Lee Harvey Oswald, born in New Orleans in 1939, joined the U.S. Marines in 1956. He was discharged in 1959 and nine days later left for the Soviet Union, where he tried unsuccessfully to become a citizen. He worked in Minsk and married a Soviet woman and in 1962 was allowed to return to the United States with his wife and infant daughter. In early 1963, he bought a .38 revolver and rifle with a telescopic sight by mail order, and on April 10 in Dallas he allegedly shot at and missed former U.S. Army general Edwin Walker, a figure known for his extreme right-wing views. Later that month, Oswald went to New Orleans and founded a branch of the Fair Play for Cuba Committee, a pro-Castro organization. In September 1963, he went to Mexico City, where investigators allege that he attempted to secure a visa to travel to Cuba or return to the USSR. In October, he returned to Dallas and took a job at the Texas School Book Depository Building.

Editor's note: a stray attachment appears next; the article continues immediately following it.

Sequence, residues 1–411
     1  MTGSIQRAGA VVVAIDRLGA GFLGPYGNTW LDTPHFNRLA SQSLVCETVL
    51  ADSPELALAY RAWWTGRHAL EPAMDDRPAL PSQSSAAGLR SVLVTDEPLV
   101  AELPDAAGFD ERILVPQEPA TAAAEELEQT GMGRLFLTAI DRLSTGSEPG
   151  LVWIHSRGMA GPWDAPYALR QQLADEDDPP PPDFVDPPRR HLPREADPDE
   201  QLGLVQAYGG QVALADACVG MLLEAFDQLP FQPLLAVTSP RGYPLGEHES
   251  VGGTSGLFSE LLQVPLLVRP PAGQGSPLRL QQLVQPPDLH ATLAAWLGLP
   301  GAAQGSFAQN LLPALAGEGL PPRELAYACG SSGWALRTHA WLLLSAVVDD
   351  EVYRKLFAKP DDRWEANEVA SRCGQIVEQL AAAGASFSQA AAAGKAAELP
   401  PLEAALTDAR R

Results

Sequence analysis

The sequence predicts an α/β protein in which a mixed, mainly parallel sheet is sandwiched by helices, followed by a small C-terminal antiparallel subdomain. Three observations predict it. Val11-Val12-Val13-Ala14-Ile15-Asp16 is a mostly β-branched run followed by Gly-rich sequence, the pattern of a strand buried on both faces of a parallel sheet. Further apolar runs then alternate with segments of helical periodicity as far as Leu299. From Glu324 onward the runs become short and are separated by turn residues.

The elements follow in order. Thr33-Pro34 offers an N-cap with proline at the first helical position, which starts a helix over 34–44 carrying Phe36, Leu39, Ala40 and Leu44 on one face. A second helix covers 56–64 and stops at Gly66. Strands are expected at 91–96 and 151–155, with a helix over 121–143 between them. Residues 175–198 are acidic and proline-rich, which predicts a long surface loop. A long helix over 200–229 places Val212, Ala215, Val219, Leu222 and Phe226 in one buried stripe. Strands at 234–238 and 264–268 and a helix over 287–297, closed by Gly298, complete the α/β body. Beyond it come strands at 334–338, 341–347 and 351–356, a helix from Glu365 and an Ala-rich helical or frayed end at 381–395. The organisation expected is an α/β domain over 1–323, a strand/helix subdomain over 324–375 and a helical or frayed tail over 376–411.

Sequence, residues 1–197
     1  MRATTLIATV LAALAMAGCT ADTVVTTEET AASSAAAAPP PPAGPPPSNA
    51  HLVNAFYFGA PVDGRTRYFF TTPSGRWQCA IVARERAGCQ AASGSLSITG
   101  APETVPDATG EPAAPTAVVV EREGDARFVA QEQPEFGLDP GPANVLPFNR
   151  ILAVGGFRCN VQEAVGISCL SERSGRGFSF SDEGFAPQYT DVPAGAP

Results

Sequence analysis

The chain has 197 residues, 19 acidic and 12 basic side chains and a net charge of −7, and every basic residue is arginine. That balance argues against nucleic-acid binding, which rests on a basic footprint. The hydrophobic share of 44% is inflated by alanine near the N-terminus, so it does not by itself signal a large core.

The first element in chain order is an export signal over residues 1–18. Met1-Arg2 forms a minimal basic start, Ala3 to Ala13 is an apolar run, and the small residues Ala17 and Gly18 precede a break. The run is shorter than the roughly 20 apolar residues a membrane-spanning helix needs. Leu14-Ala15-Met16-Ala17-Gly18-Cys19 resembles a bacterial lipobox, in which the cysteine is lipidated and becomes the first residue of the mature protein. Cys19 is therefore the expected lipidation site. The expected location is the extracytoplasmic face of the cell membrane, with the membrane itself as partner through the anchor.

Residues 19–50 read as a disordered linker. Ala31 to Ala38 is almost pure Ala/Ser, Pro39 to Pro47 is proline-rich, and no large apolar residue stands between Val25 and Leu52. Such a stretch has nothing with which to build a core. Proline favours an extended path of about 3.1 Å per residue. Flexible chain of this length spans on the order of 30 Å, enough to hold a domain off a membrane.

Less than an hour after Kennedy was shot, Oswald killed a policeman who questioned him on the street near his rooming house in Dallas. Thirty minutes later, Oswald was arrested in a movie theater by police responding to reports of a suspect. He was formally arraigned on November 23 for the murders of President Kennedy and Officer J.D. Tippit.
On November 24, Oswald was brought to the basement of the Dallas police headquarters on his way to a more secure county jail. A crowd of police and press with live television cameras rolling gathered to witness his departure. As Oswald came into the room, Jack Ruby emerged from the crowd and fatally wounded him with a single shot from a concealed .38 revolver. Ruby, who was immediately detained, claimed that rage at Kennedy’s murder was the motive for his action. Some called him a hero, but he was nonetheless charged with first-degree murder.